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police are then inhibited because they know that if they make a mistake they can be sued for wrongful arrest and false imprisonment. One simple solution available to the Government is to extend section 39 to apply to green lanes, public rights of way and roads through the countryside at the discretion of the police. We are dealing not with a traffic problem but with a public order matter. When I raised the matter in the House on 12 December 1991, the Under-Secretary of State for the Home Department--my hon. Friend the Member for Fareham (Mr. Lloyd)--agreed to suggest that a meeting be arranged between the Departments of the Environment and Transport and the Home Office. I am grateful to the Minister of State at the Department of the Environment for arranging that meeting in February with representatives of the police and Hampshire county council. The Minister recognised that action was and is required and I thought that I saw his hand in the Conservative party's manifesto during the general election which said that the Caravan Sites Act 1968 would be reviewed with the aim of reducing the nuisance of illegal encampment. That proposal is welcome, but it is not in the Gracious Speech and I and many of my constituents are worried about what will happen as the solstice approaches this year if there has been no change in the law. I have to tell Ministers in the Department of the Environment that I think that we are right to call for action now to deal with the matter.

There is a second issue that I wish to touch on briefly--where to site the noisy, pop festival for which the travellers now choose the site, provide the core and much of the organisation. I want to make three points. First, such pop festivals will take place ; the question is where. If the police just move people on, there comes a time when those people will stop somewhere. They cannot spirit 6,000 or 8,000 people into thin air. That somewhere will go on being ill-thought-out, unprepared, invariably unsuitable and a confounded nuisance to those who live nearby. Clearly, we need a more constructive approach. The Government, with the Secretary of State for the Environment in the lead, should identify sites far away from habitation so that the squatters can be moved to those particular places.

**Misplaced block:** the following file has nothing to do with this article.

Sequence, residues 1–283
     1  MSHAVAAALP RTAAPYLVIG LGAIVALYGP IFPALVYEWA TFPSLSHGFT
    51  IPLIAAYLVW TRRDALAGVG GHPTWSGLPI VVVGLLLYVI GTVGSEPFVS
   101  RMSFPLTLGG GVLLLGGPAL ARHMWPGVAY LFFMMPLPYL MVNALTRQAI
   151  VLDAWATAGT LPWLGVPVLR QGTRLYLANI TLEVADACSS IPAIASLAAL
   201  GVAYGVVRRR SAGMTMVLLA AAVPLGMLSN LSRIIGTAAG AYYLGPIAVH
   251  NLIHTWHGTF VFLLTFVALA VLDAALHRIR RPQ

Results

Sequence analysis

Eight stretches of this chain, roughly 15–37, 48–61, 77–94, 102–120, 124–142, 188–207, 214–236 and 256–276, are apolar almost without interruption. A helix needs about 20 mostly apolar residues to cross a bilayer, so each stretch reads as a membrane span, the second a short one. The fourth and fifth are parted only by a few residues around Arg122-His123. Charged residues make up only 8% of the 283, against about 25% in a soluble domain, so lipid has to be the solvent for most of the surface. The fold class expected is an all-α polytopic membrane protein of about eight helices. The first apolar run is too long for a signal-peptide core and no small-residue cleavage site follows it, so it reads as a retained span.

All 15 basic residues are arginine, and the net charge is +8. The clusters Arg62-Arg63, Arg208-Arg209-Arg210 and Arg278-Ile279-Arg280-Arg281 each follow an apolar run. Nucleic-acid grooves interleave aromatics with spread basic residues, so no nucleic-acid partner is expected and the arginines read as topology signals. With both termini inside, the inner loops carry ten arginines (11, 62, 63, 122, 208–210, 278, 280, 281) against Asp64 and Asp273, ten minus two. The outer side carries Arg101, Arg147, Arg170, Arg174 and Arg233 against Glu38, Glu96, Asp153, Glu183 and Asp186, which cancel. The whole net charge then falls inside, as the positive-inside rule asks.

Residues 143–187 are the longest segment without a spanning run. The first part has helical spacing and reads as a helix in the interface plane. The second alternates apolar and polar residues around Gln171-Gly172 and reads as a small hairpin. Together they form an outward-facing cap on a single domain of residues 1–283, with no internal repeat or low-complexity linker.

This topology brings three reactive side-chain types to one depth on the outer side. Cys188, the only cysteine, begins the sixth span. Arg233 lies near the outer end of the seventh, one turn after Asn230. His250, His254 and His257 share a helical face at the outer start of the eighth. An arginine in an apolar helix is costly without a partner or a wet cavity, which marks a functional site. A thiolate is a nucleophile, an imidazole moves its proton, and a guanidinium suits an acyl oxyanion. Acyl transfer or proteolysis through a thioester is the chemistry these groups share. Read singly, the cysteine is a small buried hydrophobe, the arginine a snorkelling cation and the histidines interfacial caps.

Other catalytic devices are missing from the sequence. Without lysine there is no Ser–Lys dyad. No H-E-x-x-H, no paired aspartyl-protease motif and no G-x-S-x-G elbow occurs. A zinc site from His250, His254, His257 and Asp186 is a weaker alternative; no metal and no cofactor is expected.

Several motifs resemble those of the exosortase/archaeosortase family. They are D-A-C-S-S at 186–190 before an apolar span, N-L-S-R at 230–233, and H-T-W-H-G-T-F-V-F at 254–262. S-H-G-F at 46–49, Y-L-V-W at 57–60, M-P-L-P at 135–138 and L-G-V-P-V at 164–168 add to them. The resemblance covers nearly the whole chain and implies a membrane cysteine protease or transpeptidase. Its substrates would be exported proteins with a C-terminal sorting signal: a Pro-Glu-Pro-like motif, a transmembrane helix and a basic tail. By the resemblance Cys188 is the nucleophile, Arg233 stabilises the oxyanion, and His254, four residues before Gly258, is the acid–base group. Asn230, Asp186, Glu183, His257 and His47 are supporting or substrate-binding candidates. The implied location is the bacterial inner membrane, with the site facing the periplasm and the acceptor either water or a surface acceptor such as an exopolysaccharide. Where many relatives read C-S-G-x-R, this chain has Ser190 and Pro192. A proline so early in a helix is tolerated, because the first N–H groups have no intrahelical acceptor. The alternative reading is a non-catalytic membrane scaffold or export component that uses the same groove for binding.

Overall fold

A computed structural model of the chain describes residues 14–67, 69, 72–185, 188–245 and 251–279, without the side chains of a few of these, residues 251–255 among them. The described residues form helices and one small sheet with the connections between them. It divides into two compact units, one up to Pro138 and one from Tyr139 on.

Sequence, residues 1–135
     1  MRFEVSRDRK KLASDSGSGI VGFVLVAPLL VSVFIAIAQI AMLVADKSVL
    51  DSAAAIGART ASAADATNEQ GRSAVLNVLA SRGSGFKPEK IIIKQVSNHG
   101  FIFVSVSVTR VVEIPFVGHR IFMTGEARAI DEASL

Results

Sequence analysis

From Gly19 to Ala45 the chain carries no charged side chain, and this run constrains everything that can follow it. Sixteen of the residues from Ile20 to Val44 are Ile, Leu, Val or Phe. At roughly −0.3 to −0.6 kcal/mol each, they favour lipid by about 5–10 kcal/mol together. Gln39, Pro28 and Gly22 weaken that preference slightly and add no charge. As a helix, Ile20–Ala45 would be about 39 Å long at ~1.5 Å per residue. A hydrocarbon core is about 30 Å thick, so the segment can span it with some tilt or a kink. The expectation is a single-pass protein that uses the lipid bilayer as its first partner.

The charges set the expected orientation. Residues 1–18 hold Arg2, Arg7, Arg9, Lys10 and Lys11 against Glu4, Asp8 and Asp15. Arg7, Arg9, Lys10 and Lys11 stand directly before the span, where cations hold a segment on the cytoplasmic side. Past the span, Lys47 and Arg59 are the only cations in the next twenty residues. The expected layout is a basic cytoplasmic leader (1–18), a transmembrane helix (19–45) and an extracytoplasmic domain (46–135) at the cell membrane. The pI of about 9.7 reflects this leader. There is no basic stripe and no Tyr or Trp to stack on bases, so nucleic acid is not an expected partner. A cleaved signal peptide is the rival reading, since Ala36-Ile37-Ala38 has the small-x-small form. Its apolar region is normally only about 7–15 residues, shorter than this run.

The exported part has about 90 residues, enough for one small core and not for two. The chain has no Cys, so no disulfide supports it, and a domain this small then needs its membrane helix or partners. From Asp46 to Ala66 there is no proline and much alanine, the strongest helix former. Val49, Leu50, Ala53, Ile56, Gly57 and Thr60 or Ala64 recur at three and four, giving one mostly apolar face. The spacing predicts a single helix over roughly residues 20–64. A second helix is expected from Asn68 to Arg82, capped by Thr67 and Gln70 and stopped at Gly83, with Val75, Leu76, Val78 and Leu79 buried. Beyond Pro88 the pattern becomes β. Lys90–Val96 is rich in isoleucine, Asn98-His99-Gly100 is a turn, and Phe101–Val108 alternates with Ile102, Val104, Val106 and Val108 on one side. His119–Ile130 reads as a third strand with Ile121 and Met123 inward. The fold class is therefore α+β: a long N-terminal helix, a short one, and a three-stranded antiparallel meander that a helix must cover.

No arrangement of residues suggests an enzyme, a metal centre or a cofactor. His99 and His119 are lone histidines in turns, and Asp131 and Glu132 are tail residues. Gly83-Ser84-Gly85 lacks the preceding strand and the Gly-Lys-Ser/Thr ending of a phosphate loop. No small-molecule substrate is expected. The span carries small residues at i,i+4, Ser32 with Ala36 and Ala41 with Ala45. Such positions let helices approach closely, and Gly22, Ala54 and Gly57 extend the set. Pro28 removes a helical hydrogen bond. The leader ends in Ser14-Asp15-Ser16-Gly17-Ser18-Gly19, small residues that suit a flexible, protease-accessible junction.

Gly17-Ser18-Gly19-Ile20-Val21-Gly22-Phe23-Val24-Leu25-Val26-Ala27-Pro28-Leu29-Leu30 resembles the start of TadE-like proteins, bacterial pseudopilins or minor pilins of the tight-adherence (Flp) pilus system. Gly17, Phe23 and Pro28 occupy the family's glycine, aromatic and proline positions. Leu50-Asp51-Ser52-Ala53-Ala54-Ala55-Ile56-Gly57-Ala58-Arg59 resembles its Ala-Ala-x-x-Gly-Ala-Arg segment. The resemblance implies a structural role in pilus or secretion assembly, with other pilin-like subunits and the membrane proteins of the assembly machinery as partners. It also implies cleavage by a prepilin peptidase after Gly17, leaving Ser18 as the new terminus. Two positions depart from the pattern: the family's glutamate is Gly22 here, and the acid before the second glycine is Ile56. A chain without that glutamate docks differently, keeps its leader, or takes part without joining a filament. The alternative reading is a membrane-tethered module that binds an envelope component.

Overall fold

There is one Government Department that can help. The Ministry of Defence has just such sites in its possession. I have no doubt that it will defend its land with as much vigour as it would defend our shores in the event of an enemy attack. Nevertheless, in the wider issue of the environment it is right that the Ministry should be asked to identify sites well away from other people and habitation and make them available in that way.

There are a number of other points that I should like to make, but because of the time factor I shall close by saying that Hampshire county council will soon be in a position to become "designated", with all the benefits which will flow from that, having provided within the county an adequate number of gipsy sites. But the county council expects that it will take six months for the Minister to approve designation when the application is made. Therefore, I want to make a plea to the Minister that when that application comes to the Department of the Environment it should be turned around in six weeks, not six months. Slow decisions are not necessarily any better than quick ones and this matter calls for a fast and effective decision. With those words, I urge Ministers to take action.